Sunday, March 25, 2018 | Namibia – Kunene Region, Kamanjab | Petra
UNDER THE SUN OF NAMIBIA
FASCINATING SOUTH WEST AFRICA
After spending some days at Windhoek to get our technical demands for our truck done, we finally can move on. With a well filled fridge and well filled water and diesel tanks we leave Windhoek rolling Namibia northbound. We were told, that landscapes there are still wider and lonelier. We are very excited about what we’ll get.
EXCITING GAME DRIVE
We take a look around Erindi Private Game Reserve located 150 kilometre north of Windhoek having the size of more than 70,000 hectare. They turned former farm land at Erindi into a game reserve, that now is home of more than 10,000 wild animals.
We ride the game drive in the early morning with our own truck, that offers us a perfect overview over trees and bushes to sight wild animals.
It won’t take long to come upon zebras, springboks and wildebeest having breakfast under trees and bushes. A small dik-dik, an african antelope, crosses our path. First it eyes our truck suspiciously and then runs off quickly.
Many interesting birds, such as the yellow-billed hornbill, we can spot in the branches and while having breakfast we can watch some hippos resting on a small island in the lake. More than seix hours we cruise around the reserve, cross dry riverbeds, ride a stoney offroad trail and enjoy stunning views.
In the late afternoon at Elephant Camp we wait next to the water hole hoping to catch sight of a rhino. Instead giraffes appear on their long legs like walking on stilts. With each snort of the two hippos bathing next to them, the giraffes step back scared. To drink water or to lick the mineral stone they not only have to crane their necks far down, they also have to straddle their long legs. It looks quite inconvenient but worked for thousands of years.
COLOURFUL BUSHMEN PEARLS
In the Erongo Region we find a cozy solitary place for the night at Omanbumba Farm between spherical rocks. For our sundowner we climb up one of the rocks and enjoy the stunning view. Sitting at the crackling camp fire we let the day come to an quiet and romantic end.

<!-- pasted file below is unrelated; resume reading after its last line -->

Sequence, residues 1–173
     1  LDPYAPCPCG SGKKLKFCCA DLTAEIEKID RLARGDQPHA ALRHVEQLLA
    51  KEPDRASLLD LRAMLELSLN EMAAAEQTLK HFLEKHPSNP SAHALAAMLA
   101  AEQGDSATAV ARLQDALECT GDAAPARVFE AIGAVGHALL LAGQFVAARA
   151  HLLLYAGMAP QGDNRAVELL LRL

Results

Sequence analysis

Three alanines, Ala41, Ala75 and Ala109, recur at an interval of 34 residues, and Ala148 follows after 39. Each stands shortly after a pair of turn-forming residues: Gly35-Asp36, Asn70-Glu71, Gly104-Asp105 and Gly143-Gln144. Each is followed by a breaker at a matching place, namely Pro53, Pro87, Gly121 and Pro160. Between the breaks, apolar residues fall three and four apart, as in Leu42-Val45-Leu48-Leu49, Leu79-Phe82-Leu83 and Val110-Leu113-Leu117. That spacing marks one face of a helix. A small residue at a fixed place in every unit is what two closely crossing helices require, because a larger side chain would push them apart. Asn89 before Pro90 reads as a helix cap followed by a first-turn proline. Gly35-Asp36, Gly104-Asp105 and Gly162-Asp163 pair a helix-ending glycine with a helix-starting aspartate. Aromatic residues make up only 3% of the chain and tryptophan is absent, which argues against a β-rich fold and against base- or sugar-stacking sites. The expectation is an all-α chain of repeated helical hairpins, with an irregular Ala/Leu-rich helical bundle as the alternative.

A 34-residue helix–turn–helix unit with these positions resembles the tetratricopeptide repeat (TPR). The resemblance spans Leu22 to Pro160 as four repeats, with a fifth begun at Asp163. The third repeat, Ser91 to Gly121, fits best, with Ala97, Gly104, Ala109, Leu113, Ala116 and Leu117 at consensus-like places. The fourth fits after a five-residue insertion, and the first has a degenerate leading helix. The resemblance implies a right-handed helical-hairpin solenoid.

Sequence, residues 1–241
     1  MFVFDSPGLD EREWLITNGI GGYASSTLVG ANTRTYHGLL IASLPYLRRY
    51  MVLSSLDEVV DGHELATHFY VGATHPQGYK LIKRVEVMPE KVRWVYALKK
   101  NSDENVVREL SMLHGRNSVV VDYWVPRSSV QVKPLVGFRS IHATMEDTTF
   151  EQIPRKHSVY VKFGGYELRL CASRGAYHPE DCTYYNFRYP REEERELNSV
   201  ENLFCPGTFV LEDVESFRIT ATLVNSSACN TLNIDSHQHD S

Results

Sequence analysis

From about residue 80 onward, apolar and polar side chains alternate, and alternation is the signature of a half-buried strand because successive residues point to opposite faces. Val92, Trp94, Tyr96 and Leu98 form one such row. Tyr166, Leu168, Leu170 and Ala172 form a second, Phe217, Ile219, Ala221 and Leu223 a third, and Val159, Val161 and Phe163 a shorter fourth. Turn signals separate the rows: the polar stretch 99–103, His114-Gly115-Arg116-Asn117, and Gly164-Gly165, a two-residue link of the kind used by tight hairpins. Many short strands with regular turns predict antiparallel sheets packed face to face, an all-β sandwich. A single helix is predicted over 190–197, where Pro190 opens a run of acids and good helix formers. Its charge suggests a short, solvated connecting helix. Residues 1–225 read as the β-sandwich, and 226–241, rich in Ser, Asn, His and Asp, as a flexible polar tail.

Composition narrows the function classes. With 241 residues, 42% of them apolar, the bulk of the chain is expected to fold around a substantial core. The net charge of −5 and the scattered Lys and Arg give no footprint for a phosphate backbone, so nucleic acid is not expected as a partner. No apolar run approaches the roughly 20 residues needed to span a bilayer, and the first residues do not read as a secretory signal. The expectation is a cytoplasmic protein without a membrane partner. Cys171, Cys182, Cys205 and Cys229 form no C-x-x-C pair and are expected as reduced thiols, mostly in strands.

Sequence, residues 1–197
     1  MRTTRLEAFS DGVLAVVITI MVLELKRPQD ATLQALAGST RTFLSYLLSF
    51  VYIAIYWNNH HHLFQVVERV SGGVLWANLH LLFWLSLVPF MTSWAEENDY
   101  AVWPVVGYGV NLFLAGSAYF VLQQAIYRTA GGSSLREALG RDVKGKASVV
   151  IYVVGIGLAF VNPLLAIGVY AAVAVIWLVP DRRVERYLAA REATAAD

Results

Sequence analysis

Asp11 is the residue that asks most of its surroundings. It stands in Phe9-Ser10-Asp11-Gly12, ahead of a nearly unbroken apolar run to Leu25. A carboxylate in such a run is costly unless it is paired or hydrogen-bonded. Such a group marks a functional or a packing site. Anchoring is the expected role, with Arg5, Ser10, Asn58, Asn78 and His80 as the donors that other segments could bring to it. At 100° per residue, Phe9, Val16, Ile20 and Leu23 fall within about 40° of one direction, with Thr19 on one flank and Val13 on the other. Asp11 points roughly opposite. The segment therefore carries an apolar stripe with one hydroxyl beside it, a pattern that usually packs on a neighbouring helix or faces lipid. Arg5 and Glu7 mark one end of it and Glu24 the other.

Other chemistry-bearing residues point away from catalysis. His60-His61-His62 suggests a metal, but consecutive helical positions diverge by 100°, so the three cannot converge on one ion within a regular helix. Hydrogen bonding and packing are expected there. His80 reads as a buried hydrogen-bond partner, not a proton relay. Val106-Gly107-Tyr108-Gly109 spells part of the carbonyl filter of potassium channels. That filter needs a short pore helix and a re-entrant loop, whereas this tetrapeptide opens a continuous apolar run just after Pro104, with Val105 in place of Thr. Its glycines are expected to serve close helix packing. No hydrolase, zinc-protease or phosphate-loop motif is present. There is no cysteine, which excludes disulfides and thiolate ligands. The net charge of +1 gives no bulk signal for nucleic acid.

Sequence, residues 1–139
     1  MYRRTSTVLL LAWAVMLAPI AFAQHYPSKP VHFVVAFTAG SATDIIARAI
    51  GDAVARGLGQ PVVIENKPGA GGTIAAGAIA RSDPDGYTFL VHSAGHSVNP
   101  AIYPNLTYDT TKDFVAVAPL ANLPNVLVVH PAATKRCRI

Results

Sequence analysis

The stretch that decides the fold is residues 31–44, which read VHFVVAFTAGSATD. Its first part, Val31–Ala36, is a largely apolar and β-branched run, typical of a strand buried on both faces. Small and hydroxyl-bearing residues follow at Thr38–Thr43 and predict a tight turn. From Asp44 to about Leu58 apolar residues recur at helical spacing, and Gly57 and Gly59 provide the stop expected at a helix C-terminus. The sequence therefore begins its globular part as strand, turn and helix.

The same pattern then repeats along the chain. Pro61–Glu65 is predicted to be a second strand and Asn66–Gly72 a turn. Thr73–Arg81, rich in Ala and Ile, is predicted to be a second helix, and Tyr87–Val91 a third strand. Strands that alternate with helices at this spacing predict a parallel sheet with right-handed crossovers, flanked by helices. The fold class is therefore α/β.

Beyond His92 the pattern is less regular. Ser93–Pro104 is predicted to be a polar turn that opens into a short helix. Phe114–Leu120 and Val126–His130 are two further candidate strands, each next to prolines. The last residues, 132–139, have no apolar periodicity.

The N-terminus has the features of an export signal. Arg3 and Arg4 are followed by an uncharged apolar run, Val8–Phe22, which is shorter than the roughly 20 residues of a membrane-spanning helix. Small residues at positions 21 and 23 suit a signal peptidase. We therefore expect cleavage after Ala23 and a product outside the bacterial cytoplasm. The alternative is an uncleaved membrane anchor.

The next morning we visit the living museum of Ju/’Hoansi-San, an ethnic group of hunter-gatherers, who provide an insight into their culture and way of living. A culture, which more and more gets lost, since they no longer have the possibility to freely wander the country as hunter-gatherers.
The cheerful San children are thrilled about Pau and Dam demonstrating how to light a fire.
Dam rounds up all women, men and children to present their traditional singings and dances, they are begging for a good hunt or for health with.
At the jewellery workshop of the San village I’m (Petra) completely in my element. The San women produce white, red and black bushmen pearls from the shells of ostrich eggs and with vegetable dye and fire. The pearls look like small buttons and the women create beautiful necklaces and bracelets from it, which they sell in their impressive open air boutique. Since that day a small bracelet and the string, Dam scraped and twisted from a bowstring hemp, decorates my wrist. It looks stunning!
Adorable jewelleries at the enchanting outdoor boutique of the San
AT THE MATTERHORN OF NAMIBIA
We are expected by Conny & Tommy. This time at the impressive Spitzkoppe (1,728 m), a monadnock, which was scaled the first time in 1949 and since 2011 is national monument of Namibia.
The atmosphere of the mountain is breathtaking beautiful and for sunset we all climb up the Rock Pool and enjoy the fantastic view. Climbing between the rocks is a lot of fun and also demands a bit of agility as there are no convenient footpaths.